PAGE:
During the lockdown, many of us found a new passion for cooking. Not as many, however, tackled 3770-year-old dishes.
Professor Bill Sutherland challenged himself with ancient Mesopotamian recipes and shared the results on Twitter. The thread went viral and people absolutely loved it.
Recipes From A Mesopotamian Tablet
The recipes that inspired the professor of conservation biology at the University of Cambridge "are the oldest recipes existing." With them, Bill prepared what he praised as:
"best Mesopotamian meal I have eaten."
Bill got the idea from Dr. Moudhy Al-Rashid, who recommended him a book from the Yale Babylonian Collection. As he checked the recipes, Bill thought:
"it would be fun to try and cook them."
It did not take much more than a regular Sunday meal, either. All in all:
"This was about an hour of planning and a couple of hours cooking."
Lamb Stew Is A Favorite
Part of the challenge of cooking these dishes was in the instructions, that Bill found "astonishingly terse" and "perplexing." More than once, he had to guess and try things out. He explained:
"I didn't fry the onion and garlic that was sprinkled on top as it wasn't in the recipe."
He continued, saying that he:
"added the sourdough breadcrumbs and then baked it so it was like a crumble, but perhaps I should have used it as a sauce thickener."
His daughter Tessa also helped, preparing some barley cakes to go with the lamb stew. With her contribution, the lamb turned out delicious. He said:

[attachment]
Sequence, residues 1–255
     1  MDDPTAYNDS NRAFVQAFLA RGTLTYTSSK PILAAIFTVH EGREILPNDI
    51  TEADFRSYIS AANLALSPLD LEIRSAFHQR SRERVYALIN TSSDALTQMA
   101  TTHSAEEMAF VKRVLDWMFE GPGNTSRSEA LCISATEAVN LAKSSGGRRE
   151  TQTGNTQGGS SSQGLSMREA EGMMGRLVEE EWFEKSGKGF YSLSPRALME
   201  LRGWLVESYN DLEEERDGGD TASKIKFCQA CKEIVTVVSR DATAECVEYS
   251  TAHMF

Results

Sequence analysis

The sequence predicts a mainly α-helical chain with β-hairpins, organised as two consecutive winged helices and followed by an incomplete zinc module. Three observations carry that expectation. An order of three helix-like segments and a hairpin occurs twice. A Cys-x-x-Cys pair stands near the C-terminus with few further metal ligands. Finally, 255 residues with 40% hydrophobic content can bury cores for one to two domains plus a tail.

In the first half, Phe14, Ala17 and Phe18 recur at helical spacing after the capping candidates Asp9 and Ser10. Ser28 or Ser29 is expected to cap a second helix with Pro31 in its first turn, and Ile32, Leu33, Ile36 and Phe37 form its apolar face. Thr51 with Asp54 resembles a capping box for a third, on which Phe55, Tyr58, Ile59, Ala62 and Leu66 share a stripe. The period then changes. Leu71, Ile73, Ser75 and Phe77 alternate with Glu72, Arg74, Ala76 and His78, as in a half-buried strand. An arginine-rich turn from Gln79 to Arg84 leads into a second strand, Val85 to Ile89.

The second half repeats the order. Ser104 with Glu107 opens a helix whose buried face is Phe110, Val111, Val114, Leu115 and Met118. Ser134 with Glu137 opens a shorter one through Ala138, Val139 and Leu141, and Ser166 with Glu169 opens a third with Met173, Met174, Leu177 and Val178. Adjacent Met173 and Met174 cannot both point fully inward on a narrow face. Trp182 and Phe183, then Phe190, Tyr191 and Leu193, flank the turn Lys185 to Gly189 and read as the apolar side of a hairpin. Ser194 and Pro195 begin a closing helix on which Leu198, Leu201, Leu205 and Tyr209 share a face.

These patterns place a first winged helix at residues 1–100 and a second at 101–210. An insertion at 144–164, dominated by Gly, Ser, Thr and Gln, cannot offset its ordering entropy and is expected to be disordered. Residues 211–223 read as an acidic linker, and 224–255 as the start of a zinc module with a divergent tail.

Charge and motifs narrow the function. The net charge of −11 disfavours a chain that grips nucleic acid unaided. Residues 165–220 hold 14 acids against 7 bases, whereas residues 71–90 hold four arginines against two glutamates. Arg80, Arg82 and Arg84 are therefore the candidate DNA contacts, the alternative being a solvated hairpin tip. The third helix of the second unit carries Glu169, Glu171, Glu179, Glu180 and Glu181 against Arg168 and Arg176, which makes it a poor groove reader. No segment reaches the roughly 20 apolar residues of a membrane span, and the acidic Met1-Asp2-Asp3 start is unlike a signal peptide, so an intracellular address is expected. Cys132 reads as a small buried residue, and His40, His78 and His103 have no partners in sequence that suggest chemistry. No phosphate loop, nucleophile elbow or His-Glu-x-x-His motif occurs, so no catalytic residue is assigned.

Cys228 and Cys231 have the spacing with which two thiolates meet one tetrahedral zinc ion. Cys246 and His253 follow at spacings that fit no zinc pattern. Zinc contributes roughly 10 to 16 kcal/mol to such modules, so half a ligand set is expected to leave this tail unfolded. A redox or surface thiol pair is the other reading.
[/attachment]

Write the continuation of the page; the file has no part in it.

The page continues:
"I sprinkled a couple of cakes in and they made a lovely thick stew."
Colorful And Delicious
All in all, Bill thought that the preparation was easier than expected. Most of the recipes had lots of greens and herbs in them, like coriander, onion, garlic and leek.
These inviting servings would not look weird in a modern restaurant. The professor is sure that:
"You probably wouldn't consider them odd if served to you."
The Tuh'u does look like a nutritious side dish, with its contrasting colors. The Unwinding, on the other hand, was apparently lacking a bit of taste.
Bill took some liberties with the Elamite broth, switching sheep's blood with tomato sauce. The result is a bright, thick soup that vegetarians could enjoy.
Going Viral On Twitter
The Cambridge professor did not expect so much attention. As his Twitter thread went viral, he said with surprise:
"Currently, 3.7 million people have seen this."
Here are some reactions from Twitter users:
For sure, these look mouth-watering. Next, we hope to see recipes from other ancient civilizations pop up on the Internet soon.